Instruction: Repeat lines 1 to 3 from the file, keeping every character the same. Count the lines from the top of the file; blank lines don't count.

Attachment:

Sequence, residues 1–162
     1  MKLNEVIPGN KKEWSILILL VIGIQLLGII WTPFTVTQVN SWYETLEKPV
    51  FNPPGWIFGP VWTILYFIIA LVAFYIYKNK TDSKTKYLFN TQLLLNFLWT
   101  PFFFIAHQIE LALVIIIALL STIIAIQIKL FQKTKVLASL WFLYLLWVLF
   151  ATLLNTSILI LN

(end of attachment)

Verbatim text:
Sequence, residues 1–162
     1  MKLNEVIPGN KKEWSILILL VIGIQLLGII WTPFTVTQVN SWYETLEKPV
    51  FNPPGWIFGP VWTILYFIIA LVAFYIYKNK TDSKTKYLFN TQLLLNFLWT